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THE NEWS FROM THE OLD NORTH STATE AND ITS CAPITAL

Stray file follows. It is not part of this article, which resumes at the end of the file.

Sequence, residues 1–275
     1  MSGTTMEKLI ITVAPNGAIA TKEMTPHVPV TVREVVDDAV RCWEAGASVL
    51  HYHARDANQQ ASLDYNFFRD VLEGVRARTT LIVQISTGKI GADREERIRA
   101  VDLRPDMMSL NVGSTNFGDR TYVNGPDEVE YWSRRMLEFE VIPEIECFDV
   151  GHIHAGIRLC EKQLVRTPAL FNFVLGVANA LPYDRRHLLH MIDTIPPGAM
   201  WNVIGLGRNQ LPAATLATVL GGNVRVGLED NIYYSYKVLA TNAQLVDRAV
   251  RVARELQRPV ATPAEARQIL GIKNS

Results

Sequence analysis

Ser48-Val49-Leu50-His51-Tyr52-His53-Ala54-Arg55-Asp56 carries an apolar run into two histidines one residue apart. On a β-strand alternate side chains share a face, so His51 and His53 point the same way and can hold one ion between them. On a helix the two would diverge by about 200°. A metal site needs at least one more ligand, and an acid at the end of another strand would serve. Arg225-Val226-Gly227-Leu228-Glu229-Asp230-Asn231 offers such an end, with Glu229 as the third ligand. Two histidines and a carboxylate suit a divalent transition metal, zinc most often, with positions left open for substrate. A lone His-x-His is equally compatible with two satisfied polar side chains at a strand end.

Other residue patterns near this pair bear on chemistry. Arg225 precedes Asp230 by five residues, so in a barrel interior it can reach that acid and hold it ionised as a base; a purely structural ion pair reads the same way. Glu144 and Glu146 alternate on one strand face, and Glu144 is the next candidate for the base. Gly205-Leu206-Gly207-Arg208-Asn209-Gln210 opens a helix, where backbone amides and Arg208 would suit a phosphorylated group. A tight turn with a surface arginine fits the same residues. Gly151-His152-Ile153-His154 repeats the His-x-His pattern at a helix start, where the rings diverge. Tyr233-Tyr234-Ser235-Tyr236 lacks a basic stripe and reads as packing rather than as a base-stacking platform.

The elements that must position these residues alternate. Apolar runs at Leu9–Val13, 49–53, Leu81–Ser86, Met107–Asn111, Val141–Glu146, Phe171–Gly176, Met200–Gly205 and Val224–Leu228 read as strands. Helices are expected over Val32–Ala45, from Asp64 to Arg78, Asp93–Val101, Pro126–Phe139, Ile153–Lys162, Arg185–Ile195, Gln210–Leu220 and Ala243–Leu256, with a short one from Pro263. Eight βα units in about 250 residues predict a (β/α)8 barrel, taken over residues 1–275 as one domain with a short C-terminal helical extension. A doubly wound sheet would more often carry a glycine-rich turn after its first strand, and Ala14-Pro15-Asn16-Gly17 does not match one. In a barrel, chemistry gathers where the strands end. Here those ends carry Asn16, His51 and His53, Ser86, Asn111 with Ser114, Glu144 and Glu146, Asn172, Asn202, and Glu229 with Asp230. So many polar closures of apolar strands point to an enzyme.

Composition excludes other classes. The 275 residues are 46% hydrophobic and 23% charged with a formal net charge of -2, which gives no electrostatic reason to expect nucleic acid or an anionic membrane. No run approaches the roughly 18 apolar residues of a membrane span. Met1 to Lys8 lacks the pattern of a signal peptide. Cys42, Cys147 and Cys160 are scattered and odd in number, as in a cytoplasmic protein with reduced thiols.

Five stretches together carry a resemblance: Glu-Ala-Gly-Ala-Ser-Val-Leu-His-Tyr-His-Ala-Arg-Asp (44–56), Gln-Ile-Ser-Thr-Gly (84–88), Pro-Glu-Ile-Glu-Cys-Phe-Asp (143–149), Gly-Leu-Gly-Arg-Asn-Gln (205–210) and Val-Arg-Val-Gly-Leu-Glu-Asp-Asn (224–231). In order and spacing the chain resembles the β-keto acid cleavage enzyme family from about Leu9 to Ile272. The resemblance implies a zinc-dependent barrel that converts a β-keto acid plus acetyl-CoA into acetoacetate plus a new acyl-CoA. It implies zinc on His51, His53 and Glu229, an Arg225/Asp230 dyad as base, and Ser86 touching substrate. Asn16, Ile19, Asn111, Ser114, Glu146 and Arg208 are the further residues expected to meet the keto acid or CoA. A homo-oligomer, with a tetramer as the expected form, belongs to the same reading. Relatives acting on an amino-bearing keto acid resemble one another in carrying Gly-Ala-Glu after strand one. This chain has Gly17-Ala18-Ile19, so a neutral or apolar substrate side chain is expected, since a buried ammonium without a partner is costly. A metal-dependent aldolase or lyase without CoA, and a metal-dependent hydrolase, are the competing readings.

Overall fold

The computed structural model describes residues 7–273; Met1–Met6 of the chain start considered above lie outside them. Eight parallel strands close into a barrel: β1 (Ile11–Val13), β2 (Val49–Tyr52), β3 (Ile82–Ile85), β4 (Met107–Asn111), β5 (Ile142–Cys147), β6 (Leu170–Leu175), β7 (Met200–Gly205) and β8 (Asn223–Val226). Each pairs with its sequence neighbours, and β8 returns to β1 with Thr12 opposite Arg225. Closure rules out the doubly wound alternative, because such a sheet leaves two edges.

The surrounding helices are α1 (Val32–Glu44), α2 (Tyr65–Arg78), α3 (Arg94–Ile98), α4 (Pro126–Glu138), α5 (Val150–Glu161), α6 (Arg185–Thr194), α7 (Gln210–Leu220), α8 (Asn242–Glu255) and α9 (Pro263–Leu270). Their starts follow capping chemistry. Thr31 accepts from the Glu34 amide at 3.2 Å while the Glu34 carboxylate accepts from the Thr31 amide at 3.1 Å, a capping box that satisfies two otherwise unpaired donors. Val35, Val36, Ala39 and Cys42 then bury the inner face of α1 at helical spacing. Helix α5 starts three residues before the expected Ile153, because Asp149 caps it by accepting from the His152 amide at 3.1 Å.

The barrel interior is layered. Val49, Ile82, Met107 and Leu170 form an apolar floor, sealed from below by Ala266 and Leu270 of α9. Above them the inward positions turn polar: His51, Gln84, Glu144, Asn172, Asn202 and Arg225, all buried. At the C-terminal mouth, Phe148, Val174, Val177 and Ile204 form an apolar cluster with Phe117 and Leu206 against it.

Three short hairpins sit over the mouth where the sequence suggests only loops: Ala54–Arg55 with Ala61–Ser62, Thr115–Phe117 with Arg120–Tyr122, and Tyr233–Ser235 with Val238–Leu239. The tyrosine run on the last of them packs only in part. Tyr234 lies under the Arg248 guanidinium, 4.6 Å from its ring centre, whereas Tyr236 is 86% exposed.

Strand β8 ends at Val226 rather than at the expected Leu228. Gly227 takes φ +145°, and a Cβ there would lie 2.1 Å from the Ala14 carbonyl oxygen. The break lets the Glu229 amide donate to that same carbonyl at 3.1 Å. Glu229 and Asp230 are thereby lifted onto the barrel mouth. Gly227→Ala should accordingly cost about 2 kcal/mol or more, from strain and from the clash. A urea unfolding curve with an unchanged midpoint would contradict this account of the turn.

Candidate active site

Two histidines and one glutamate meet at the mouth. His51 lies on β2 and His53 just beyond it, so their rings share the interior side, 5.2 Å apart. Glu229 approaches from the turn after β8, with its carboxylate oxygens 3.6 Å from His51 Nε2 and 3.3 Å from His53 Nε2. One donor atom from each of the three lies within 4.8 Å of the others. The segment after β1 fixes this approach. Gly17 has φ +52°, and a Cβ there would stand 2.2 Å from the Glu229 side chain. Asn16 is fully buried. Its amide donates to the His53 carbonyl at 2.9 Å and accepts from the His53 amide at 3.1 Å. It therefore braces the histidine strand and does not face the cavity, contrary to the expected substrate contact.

TROUBLE IN PUBLICSGHOOLS A Piain Letter from Superinten? dent of Public Instruction. MURDERERS AT RALEIGH A Moiubcr of the I.onolr Connfy Hoard Nein n flooil Exnmplo to Otlior Bicbool Aattiorltlea- Would bo Mai-tlorera. Who foulen* 'Uiclr Crltufl.Brongbt Hero for (Info Kooplns? ?Raleigh, N. C, Dec. 22.?Despite the construction put upon the Supreme Court's decision In the school hoard cases by State .Superintendent Mebanc no end of rumpus Is being kicked up In some counties. Some of the wild and woolly fusion cornmlttemen and superintendents do not seem to under? stand that the court's opinion did not nullify contracts and so are proceeding to oust our teachers, lock schoolhousc doors and do other like sensible and orderly things. All this has been giving Mr. Mebanc a good deal of trouble and it Is a feature of the situation that ex? tremists on both sides censure him for failure to take their part. As a mat? ter of fact but for the conservatism and good sense Mr. -Mebnne has shown In dealing with an extremely trying situation great harm would have been done the schools and hundreds of teachers would have been hounded and annoyed. As stated by a Pittsboro correspon? dent yesterday In one township of Chatham county the property of the teacher, a woman, was thrown out and the schoolhousc locked by the old com? mittee. It. 13. Lineberry, a fusionist, Is the old superintendent of schools for Chatham, and to him Mr. Mebane yes? terday sent the following letter which applies to all like cases elsewhere : Raleigh, N. C, Dec. 21, 1899. Mr. R. 11. Lineberry, Pittsboro, N. C: Dear Sir : I wish to say to you that the reason T asked you for special In? formation ns to the status of school af? fairs was that your county was one of those not passed upon by the Attorney General. You will remember the fol? lowing from his letter : " Superintend? ents elected by the new board In those counties where the old board retired . tinder yonr own advice are the leiral ones." This, as you know, docs not apply to your case as county super? intendent, ns you were elected at the same time the county superintendent was elected by the new board. You will also remember this from the let ler of the Attorney General: "I do not express any opinion as to which was the de facto board, in those counties where there were contests. The committees appointed by the new hoard In accordance with the school law are regarded as valid and should bo carried out In good faith by your committees. In those districts where two sets of committees were attempting to act and where both committees employed teachers, I shall hold that the com? mittee appointed by the new board, nnd where said committee employed teachers, these contracts must be kepi rather than the contracts made by the committees of the old board, because these committees were regarded by this Department as the de facto school com? mittee and al! of their acts In nccorfl nncc with the school law up to the decision of the Supreme Court arc re? garded as in full force and effect. If the acts of some of your commit? tee are as reported to this office by a citizen of your county, then I must say that such conduct is nothing short of an outrage. Here arc the words that come to this office: "The committee nppolnted by lhe_old board went t'nd threw out the books and other property belonging to Iho teacher, and securely nailed up Iho doors and windows, and shut her out, although she had been teaching for one month and was giving entire satisfaction to all except to three j of the old committee, who lml not sent to her and would not send because they did not employ her themselves." I TC this report be true you need to put a stop to it at once and see that the woman who has thus been Imposed upon is restored to her position, nnd the men who thus acted be removed al once from office. Yours very truly. C. H. ME PANK. Superintendent Public Instruction. In striking contrast with this Is the letter of Mr. B. G. Tyndall, one of the old board for Lenoir county, saying ho did not. care to roassume the duties of the office if it ? would disturb the school work of the county. Mr. Me? bane wrolo him In commendation of his conduct. THE UNIVERSITY ELEVEN. The University of North Carolina eleven has reorganized for the season .of UOO-'Ol. Mr. II. .T. Koebler was elected captain of the team. Mr. Koeb? ler has played on the University eleven for two seasons, and has made for himself an enviable, reptition In football circles. Last season he was the competent half-back of the team, and the previous season played left \ end. lie is said to bo one of the best] players of the school, and wc may con? fidently expect that next season the University will retain its right to the tl'tlc of champion. FOR SAFE KEEPING. John Taylor and Robert Fortune, the two young negroes who shot Mr. Rob? ert Hester, a prominent farmer of Nash county, the details of which arc told in another column, were brought here this morning at L':05 o'clock on the westbound Southern Railway train. Sheriff W. M. Walker, of Nash, and Deputies Harris and Mayor brought the prisoners here, though they were confronted by a mob, and it was only by the employment of good Judgment that trouble was averted. The shooting occurred yesterday af? ternoon about two- o'clock at Mr. Hea? ler's farm, a mile or such a matter from Rocky Mount. The would-be slayers of the wounded man fled and ?were not captured until they had gone nine mlies. The return to Rocky Mount was not made until dark, and at a point near the Hester home a party of forty men hatted the sheriff. They demanded the prisoners and were In a notion to take them. A prominent physician and other well known citizens uddressed the en? raged party and counseled -them to let the law take 'its course. Speaking of the incident, Sheriff Warren said: "The crowd became quiet after be? ing counseled by well-known citizens. There were about forty men In the party. They -were not masked. It was dark and I could not distinguish them." Both prisoners have confessed the crime. They told Sheriff Warren that they shot Mr. Hester for his money. It was deemed advisable to bring them here for safe keeping. Mr. Hester is still living. The sheriff says he Is a highly respected citizen of Nash county. ELIZABETH CITY. RECOVERED FROM INJURIES? CARD CLUB?PERSONAL. Elizabeth City, N, C, December 22.? Air. E. IL Kruger, who was injured In a railroad wreck In New Jersey sev? eral months ago, arrived borne yester? day. Mr. Kruger was In a hospital in New York for several months and at one time was in a critical condition, but upon his arrival his many friends were glad to see him looking as well as when ho left here. Mr. C. H. Gray, of the firni of Hooper & Gray, left yesterday for Dare coun? ty to spend the holidays with his par? ents. CARD CLUB ORGANIZED. A card club consisting of Mr. and Mia. M. R. Griffin, Mr. and Mrs. W. R. Zpeller, Mr. and Mrs. S. S. Lamb, Lieut, and Mrs. Crisp, the Misses En gles, MaeWood, Helen Martin, Mar? guerite Hollowell, Eva Pntlin, Smith and Crisp, and Messrs. Wilson Hollo well, Tom Old, Wm. Wood, Wiley II. Grnndy, C. W. Melick, Dr. A. L. Pen dleton, Mr. T?te and Dr. E. P. Mar? tin, was organized last week and will meet every other Tuesday evening at tho residence of one of the lady mem? bers. Tho first meeting was held at the homo of Miss Engle, on Church street, last Tuesday evening. Miss Helen Martin won the first ladies' prize and Mrs. Crisp the booby prize. Mr. M. R. Griffin won the first gentlcmans' prize and Mr. T?te the booby. After the game refreshments were served, and at about 12 o'clock the Jolly mem? bers left for their respective homes. The next meeting will ho held at the homo of Mrs. Crisp, on Fearing street. PERSONAL. Mr. Tim Burgess, of Richmond, Va., who has been In the city for several days helping to lay stone on Poindex ter .street, leaves lo-d.iv for his home. In the case of Mllller & Miller, of Baltimore, against Pinner & Co., of this city, tho jury returned a verdict In favor of the defendants. Mr. .T. L. Rogersnn, of Willlnmston, N. C, is in the city spending Christ? mas with Mr. and Airs. M. B. Dawes. HERTFORD. Hertford. N. C, Dec 22.?Messrs. W. C. Small and Cornrow Re'id, of the Agricultural and Mechanical College, and Mr. Wallace Riddick. of the Hor? ner School, are here to snend the holi? days. Others are expected to-morrow. Prof. S. T. Liles leaves to-morrow for his home, in the central part of the Slate, where he will spend the holidays. Miss Virginia Thorpe left this morn? ing for her home, in Rocky Mount. She Will return after the holidays to resume her position as assistant teacher In the Perqulnidns Academy. Mr. E. A. Overton and wife'left to? day for Columbia, where they will spend the holidays with reln.tives. The steamer Lydia, Landing, was lowed Into port last night by the steamer Relvblere, Orey, in a disabled condition, her cylinder head having blown out at Euro 's Lnnding, several miles from this place. Her owner, Mr. T. D- Snundcrs, leaves at once for Philadelphia to purchase a new engine. The Lydia.'8 crew will be transferred to the Rolvidere until the damage is re? paired. - PLYMOUTH. DEATH OF MRS. MORTON?BAND PROPOSED. Plymouth, N. C, December 22.?It Is with deep sorrow that we chronicle the death of Mrs. Charles L. Morton, which occurred at her residence in this town last night at 11 o'clock after a critical illness of two weeks. She leaves a husband, mother and rather, two broth? ers, three sisters, besides many sor? rowing friends to mourn her loss. In the death of this true Christian lady we lose one who will be sadly missed among us. and our sincere sympathies are extended to the bereaved. There is a movement on toot now to establish a band here, which we hope will meet with success. It is proposed to commence January 1st and pay in the stock monthly 10 per cent, of amount subscribed until all has been paid. Our merchants are busy now supply? ing the wants of Santa Claus, and be seems to want more than ever this year. EDENTON. Edenton, N. C, December 22.?Miss rattie Skinner, of Grcenvile, is the guest of friends in our little city. Mr. John Tooley, of Belhaven, has been spending a few days here with his friend, Mr. Frank Bond. Miss Lodge, of Washington, N. C, is visiting relatives on Magnolia street. Mr. Wm. Mason went over to Wash? ington county yesterday to attend a marriage. Mr. Collins, of Hillsboro, Is the guest of his sister, Mrs. Frank Wood, on Water street. Mrs. Rlghton and Miss Bettic Moore arc residing on Court street, after an absence of several months. The streets of our little city are crowded this morrjlng and our mer? chants arc quite busy. Railroad Construction. (By Telegraph to Virginian-Pilot.) Charlotte, N. C, Dec. 22.?The report of the North Carolina Corporation Commission, soon to be issued. will show that 103 miles of railroad were built during the fiscal ytar, which Is a considerable increase over the pre? vious twelvo months. Cut glass, or any kind of glass ware, window panels and mirrors will sparkle if you use Gold Dust. It does the work your muscle has to do when you use soap. ?end (or tree booklet?"Golden Rules (or Housework." THE N. K. FAIRBANK COMPANY CeHajo 81. Leuli NewYotk Doitoo ?"Tis an evil wind that blows no one good." TUB BUILDERS MUST HAVE ROOM. This means a terrlfta sacrifice of our tremendous big stock of clothing. You cannot afford to miss this grand opportun? ity. It Is a chanco of your lifo time. Read tho startling, almost be? wildering list of explosive prices and benefit thereby: Men's Suits. fancy plains manufacturer's prlco $1.00, our 35 nrleA ........... *t * price Men's Suits, well made, plain and fancy effects. Manufacturer's price ?10.00. our prlco . $4.96 Men's Suits, all-wool, nicely made. Manufacturer's price 4;C Ofl ?1.00. our prlco. 4) J.^.v/ Men's Worsted Suits. Man? ufacturer's prlco $11.00. our <jj^ QQ prlco Men's black. Jt.00. our prlco Men's Rarttan Overcoats, 70 per cent. wool. Manufacturer's tfjo 7C prlco $S.OO, our prlco . ?P??? / ?3 Overcoats, bluo and anuracturcr's price <jj j cjg Men's Fine Kcrsev Overcoats, Mamifscturcr'a prlco $11.00. our i^g Men's Pino Melton Overcoats, Manufacturer's prlco 511.00, our <gjr 2^ Children's Suits, doublc hroastert styles. Manufactu? rer's price $2.CO. our price . Children's Sulta, bcnutirul styles Manufacturer's price 13.00. our prlco . 98c. $1.24 Children's Ruits, nil wool, sizes ui> to IS years. Mann- <j| j <^g lacturcr's price $1.00, our price. Children's Pant.s. ages vcars. Manufacturer's 86c., our price . to 14 prlco 7c Open evening till 0 p. m.; Saturdays till 11:30 p. m. during tho month of December. Cannon Ball Clothing Co., n op. 219 MAIN ST.. NORFOLK. V'^^j POULTRY AND RABBIT FENCE, LAWK FENCE AND CRIB FENCE. CS UCK. Absolute efficiency at least expense. timci. A practical fence that will 4?im positively turn cattle, MIWft horses, hogs and pigs. A fence that is strong, practically ever? lasting, proven thoroughly effi? cient under .. , ellwooo field fence (Suadird StjfO. every possible u condition. EVERY ROD OF ELLWOOO FENCE 18 8UAR?HTEE0. If you want your fencing problems satisfactorily solved, call and see tho KLLWOOO FENCE and let us show you for how little money you can get absolute satisfaction. 38 and 40 UNION STREET. GEO. B. TODD, Manager AFTER DDLEt. MOOT'S H3nB.VEJH.INJ3 X?IXry?J3 Tbc great remedy for nervous prostration and all diseases of tho g^ncratlvo ortrann of either sei, such as Norrous Prostration, Falling or Lost Manhood, Impotcuey, Nightly Emissions, Youthful Errors, Mental Worry, exoe.ssivo uso of Tobacco or Opium, whiqh lead to Consumption and Insanity. With every ?5 order wo cuarnntea toeairo or refund tho money. Sold at $1.0o per box, C boxes for $6.00. mi. Jtl O'ff'J'S fllK.VLUWfj CO., Cleveland, Ohio. Sold bv BURROW MARTIN & CO. Gor. Main and Bank Sis, I $ The Building X at the IS TO BE TORN DOWN, 7?? anil the largest stock of DIAMONDS. WATCHES. JEWELRY, SII> ?$5r VERWARE. ETC., that ever was In Norfolk WILL BE THROWN ON 3& THE MARKET and disposed of during this month. Wo bavo no place ate to storo the stock during the rebuilding, therefore aro compelled to. Every Article has been Reduced. From 25 to 50 per cent. AND THE PUBLIC WILL GET THE BENEFIT OF THE GREAT? EST BARGAINS IN XMAS PRESENTS EVER OFFERED IN THI3 CITY. DON'T DELAY. COME WHILE THE ASSORTMENT IS COMPLETE. CHAPMAN & JflKEVlflN, W The Live Jewelers. Cor. Main and Bank Sts. s # I I ft TiianKsaivino service. Whitehurst & Bro.'s Ell REMOVAL IE. All curs transfer you to our stores, 285 to 287 Church [street, corner Holt. FORWARD is the watchword of all progressive enterprises, and Greater Norfolk demands us to move to a greater store. Until we move to our new ware rooms (the old Opera House, 202 and 204 Church street, January 1, 1900) will of? fer our entire slock Furniture, ?arpts, etc., et manufacturers Gast. I have a friend, in fact he is my brother-in-law, who is the outside Tmrn for a New York crockery warehouse, a sort of salesman, purchas? ing agent, collector and what not. He used to suffer from a catarrh of the stomach. When he woke in the morning there would be a gripping, a contraction, a tightness of the stomach, which, he said, seemed to be clogged with a slimy, phlegm-like substance. Carlsbad salts always did him some good, but now heusesaRipans Tabule. He only takes one when occasion requires, just one now aud then. Whea this man, his name is Spalding, was asked to describe the effect of the Tabule on him, he said : "Why, it brightens me up. It has an effect like dry air ; makes me feel something as I used to of a spring morning when the air was crisp but tempered with sunshine. I don't know tow they produce such an effect, but that is the way they work with me." GREAT Re7VY?\ZML SMLEI On December 31st we will move to larger quarters, and for this reason offer our entire stock of Pianos and Organs at less than manufacturer's cost. zz^>rm? IS STRICTLY A BONA FIDE SALE<^. and if you want to get your money's worth don't buy until you have examined our stock. We are the Largest Manufacturers of Pianos and Organs in the world, and besides giving you a great reduction on account of this removal sale, we save you the dealer's profit. Pianos from $50,00 up. Organs from $25.00 up. Sold on terms of $5.00 per month and up. Instruments shipped to any part of the State, freight prepaid. Catalogues mailed free. Old instruments taken in exchange. Call early and secure first choice. ALL OF THE LATE POPULAR MUSIC AT J8c. PER COPY.